As the ETF world has expanded in recent years, there has been a race to the bottom so to speak, in terms of ETF expenses. Many firms have slashed costs in order to be the cheapest ETF in a particular category, hopefully giving their funds a decided advantage over the competition.
While it may take quite some time, this trend towards lower expense ratios by investors has often been the case in the ETF world across a variety of products. Seemingly with nearly identical funds that have solid trading volumes, new investors have done the right thing for their own accounts and have gravitated towards the lower cost funds (read Five Cheaper ETFs You Probably Overlooked).
A great example of this can be seen in the emerging market ETF world with the two MSCI Emerging Market Index following juggernauts, VWO and EEM. For quite some time, EEM was by far the largest in the emerging market ETF category, crushing all other funds in terms of AUM.
However, this has changed in recent years, largely thanks to the expense differential between the Vanguard fund (VWO), and iShares’ version (EEM). Currently, both funds track the exact same index but EEM charges 67 basis points a year in fees while VWO costs just a fraction of that at 20 basis points annually.
Largely due to this differential, as well as the fact that both funds track the same index, investors have made VWO their ETF of choice for the emerging market space. In fact, according to XTF.com data, over the past three years VWO has seen $42 billion in inflows while EEM has seen just $220 million in new dollars, a seismic shift in the emerging market ETF landscape.
However, this isn’t the only time that iShares loses out to its competitors on a cost front by any stretch of the imagination. Instead, iShares is often lagging behind its smaller competitors like Vanguard, Charles Schwab, or State Street in a number of important ETF categories across a number of asset classes.
For example, in the large cap space, Vanguard leads the way with the cheapest fund over iShares and their IVV, while the cheapest sector ETFs are often dominated by the SPDR lineup from a cost perspective (also see Banking ETFs 101).
Meanwhile the trend is no better in other asset classes besides equities as PIMCO and Schwab easily beat out the iShares product line on a cost front in the bond market, while the trend is especially apparent in the real estate ETF segment with Vanguard crushing the competition.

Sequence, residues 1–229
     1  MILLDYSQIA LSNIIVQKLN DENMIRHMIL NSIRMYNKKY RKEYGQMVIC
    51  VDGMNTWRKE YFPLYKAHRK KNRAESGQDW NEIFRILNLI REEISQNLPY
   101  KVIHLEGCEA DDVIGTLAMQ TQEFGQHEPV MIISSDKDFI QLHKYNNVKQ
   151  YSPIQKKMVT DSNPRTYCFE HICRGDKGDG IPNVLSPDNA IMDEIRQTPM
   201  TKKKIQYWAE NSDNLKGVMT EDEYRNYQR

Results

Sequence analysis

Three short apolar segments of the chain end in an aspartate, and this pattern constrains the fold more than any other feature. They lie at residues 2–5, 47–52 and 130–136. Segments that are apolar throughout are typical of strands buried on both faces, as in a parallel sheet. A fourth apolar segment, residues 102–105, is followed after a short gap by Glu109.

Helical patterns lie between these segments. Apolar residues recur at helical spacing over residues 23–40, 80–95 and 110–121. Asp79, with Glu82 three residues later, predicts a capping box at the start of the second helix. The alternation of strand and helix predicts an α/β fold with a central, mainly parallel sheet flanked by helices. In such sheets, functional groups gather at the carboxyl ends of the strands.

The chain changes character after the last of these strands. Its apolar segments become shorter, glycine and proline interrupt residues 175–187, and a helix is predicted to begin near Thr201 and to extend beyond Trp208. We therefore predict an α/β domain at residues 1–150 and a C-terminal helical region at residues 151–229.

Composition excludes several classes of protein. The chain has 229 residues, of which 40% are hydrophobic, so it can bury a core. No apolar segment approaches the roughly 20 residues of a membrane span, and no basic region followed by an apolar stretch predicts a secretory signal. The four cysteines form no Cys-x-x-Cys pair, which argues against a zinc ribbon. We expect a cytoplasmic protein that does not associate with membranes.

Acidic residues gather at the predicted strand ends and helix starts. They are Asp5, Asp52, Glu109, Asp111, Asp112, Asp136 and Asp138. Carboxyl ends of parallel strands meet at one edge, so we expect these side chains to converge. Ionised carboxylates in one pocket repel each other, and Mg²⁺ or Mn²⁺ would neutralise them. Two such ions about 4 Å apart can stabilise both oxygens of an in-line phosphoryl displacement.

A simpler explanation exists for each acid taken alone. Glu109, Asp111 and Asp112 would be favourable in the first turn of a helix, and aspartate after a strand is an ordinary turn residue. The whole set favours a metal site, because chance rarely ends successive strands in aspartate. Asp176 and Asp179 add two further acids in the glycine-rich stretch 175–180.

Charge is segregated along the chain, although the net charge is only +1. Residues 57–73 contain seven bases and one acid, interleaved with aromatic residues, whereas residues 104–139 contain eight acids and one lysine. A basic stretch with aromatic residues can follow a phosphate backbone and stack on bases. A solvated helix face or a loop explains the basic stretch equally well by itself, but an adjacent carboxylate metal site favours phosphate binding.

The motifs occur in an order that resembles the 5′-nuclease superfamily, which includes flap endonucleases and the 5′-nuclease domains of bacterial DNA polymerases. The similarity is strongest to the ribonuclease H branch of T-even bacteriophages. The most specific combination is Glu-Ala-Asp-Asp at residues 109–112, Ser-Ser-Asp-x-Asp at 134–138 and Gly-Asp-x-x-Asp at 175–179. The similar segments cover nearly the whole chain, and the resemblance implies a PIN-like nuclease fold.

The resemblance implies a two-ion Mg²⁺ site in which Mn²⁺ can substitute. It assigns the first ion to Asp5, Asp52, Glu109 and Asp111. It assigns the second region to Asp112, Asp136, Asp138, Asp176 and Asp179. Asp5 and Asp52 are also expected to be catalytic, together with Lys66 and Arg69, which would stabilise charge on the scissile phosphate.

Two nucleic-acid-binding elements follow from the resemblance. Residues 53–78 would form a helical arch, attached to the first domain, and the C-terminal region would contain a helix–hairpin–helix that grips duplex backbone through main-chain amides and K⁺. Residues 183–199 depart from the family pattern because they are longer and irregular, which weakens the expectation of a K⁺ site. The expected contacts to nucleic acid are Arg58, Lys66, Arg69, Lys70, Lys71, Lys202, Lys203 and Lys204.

This trend, as well as the steady asset move away from high cost funds to cheaper ones that have largely the same focus, has put the pressure on iShares to become more cost competitive at least according to some analysts in the space. However, while iShares is taking some steps to rectify this in a number of segments, there are a few categories in which it is the market leader.
Below, we highlight a few of these categories and the cheap iShares ETFs that are contained within them. While this isn’t meant to be an endorsement of these iShares products over the others in the space, it should at least prove to some investors that iShares is by no means ‘the expensive’ ETF issuer across the board.
Instead it should show that the San Francisco-based firm is just as capable of beating its competitors on cost as the much vaunted iShares, State Street, or newcomer Schwab often are for their respective products. In light of this, we have highlighted five cases in which iShares, despite its reputation as a high-cost ETF issuer, is actually the cheapest option in the space:
In the Russia ETF world there are currently four unleveraged choices available to investors. Currently, the Market Vectors Russia ETF (RSX) leads the way in terms of total AUM coming in at $1.7 billion in assets.
However, the fund is actually in the middle of the road when it comes to expenses, charging investors 62 basis points a year in fees. Meanwhile, iShares has the MSCI Russia Capped Index Fund (ERUS) as a relatively new and cheaper competitor (read Is Now The Time To Buy Russia ETFs?).
This product charges investors 58 basis points a year in fees, just edging out RSX and State Street’s RBL for title of ‘cheapest Russia ETF’. However, ERUS has just $150 million in assets, a respectable figure, but nowhere near what RSX has amassed since its inception.
The Indian economy is quickly growing and so is the ETF market tracking the country. While just a few funds were initially tracking the nation, there are now 10 products tracking India without leverage.
Easily the most popular is the WisdomTree India Earnings Fund (EPI) which has about $1 billion in assets, although hit does charge investors 83 basis points a year in fees. This figure also represents the middle of the road for the category, as there are a few in the high 80s and one in the low 90s for expenses, including iShares’ INDY at 0.91% (read India ETFs: Getting Back on Track?).